MADISON, Wis. Emergency Medical Technicians respond to every 911 call. They are some of the first people at the emergency scene and when they get there they have a huge responsibility while maintaining their composure in those high stress situations.
John Collins is an EMT with the Jefferson Fire Department. He said that during the pandemic communication between dispatch and EMS has changed. There is a new call for public health situations. Collins said this adds some pressure because they don't know if the patient they're caring for has contracted the virus.
"Patients who maybe are really sick and need a breathing tube or some of these high risk procedures. Even if they don't have any signs or symptoms of COVID we have to treat them like they have COVID until we can prove otherwise. From an area where normally we would maybe not be taking wearing suits and face masks and breathing aspirates and respirators, now we're doing that," Collins said.
According to the National Registry of Emergency Medical Technicians there are more than 8,200 trained EMTs in Wisconsin and more than 370,000 across the country. Most are volunteers.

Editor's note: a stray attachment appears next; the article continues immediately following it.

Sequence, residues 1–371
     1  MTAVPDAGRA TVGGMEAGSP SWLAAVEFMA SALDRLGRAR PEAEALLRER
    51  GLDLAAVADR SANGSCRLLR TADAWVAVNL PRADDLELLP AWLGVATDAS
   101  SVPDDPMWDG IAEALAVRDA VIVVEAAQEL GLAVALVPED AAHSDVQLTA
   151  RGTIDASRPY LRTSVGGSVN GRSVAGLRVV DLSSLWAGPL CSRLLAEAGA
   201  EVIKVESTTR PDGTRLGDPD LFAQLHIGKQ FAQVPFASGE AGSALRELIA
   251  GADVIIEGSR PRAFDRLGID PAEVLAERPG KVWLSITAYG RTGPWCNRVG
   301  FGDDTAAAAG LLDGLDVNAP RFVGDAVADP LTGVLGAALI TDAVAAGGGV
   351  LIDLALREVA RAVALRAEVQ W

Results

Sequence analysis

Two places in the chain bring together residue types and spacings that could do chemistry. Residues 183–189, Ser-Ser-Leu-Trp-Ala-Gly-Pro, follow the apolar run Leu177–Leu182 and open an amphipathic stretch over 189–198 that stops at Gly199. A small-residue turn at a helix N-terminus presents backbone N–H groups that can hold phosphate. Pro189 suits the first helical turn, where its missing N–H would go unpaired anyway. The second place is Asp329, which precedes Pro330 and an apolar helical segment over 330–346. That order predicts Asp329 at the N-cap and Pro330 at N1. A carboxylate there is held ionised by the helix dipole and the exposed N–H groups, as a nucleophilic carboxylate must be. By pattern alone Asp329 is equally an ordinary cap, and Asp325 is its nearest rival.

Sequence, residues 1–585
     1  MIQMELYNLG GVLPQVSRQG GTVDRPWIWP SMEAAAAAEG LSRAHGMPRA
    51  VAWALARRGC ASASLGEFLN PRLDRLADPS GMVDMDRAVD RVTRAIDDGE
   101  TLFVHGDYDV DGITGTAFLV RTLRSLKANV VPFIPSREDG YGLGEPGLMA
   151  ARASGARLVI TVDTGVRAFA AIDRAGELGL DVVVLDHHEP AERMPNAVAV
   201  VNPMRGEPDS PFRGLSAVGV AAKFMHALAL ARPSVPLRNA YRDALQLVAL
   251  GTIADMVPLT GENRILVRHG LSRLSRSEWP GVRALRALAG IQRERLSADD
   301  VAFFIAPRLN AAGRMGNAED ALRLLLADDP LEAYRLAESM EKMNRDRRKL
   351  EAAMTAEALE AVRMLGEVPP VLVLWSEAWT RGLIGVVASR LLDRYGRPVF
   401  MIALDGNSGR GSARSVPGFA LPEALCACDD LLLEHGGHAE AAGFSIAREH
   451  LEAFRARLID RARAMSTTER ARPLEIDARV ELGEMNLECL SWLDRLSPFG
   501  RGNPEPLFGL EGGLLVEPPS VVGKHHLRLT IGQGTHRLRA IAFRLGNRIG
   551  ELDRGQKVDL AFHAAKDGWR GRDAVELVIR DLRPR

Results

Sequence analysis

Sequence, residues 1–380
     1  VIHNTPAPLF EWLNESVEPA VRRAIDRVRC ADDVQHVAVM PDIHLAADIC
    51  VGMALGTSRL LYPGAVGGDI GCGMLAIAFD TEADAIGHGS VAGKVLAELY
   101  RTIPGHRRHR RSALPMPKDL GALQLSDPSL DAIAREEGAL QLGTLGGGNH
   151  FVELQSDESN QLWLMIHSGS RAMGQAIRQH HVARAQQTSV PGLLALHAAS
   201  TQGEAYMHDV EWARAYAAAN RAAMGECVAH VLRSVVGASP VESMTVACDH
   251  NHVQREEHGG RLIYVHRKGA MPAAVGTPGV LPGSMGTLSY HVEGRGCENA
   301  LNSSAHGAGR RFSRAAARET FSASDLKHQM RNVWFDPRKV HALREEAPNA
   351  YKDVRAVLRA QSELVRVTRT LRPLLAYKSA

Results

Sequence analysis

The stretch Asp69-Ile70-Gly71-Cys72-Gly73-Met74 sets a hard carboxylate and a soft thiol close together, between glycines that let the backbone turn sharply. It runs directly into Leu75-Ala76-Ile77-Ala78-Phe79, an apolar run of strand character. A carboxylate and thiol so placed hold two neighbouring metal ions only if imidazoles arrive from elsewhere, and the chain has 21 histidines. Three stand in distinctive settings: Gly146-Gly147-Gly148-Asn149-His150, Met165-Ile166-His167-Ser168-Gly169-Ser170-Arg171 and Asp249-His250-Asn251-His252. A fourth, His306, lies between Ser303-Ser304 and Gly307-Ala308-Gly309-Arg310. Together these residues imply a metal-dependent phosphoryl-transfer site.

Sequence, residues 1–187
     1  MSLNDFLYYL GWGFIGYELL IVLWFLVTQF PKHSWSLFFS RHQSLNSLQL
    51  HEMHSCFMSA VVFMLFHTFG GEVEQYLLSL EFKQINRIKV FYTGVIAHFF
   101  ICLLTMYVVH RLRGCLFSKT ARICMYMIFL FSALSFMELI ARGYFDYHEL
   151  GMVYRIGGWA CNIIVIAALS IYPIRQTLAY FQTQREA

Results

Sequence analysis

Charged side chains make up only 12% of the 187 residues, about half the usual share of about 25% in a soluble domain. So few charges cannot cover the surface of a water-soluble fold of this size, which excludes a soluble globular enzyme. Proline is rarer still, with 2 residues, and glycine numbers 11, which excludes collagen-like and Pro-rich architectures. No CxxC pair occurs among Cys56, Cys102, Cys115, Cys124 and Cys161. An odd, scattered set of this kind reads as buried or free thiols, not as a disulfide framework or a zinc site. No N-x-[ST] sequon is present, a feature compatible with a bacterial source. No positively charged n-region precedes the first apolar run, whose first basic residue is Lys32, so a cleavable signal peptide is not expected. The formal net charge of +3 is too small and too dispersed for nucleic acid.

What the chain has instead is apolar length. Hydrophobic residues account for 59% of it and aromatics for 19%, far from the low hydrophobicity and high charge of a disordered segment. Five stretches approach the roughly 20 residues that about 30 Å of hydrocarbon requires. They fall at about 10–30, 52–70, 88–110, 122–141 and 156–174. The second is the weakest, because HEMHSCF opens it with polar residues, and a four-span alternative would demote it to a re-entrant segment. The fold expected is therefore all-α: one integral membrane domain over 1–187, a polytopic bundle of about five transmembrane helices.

"EMS is a tremendous number of people who have volunteered to take on a tremendous number of hours of education and training and continuous hours of training and education to serve their communities to help those in need," Ron Wegner, Chief of the Jefferson Fire Department, said.
Collins said that a big part of the EMS profession is community service. The Jefferson Fire Department participates in a youth camp every year for kids to see what a day in the life of an EMT is like. The camp is put on through Center for School, Youth and Citizen Preparedness. The camp is still happening, but virtually. You can register here. The deadline to register is June 5.
National EMS Appreciation Week runs until May 23.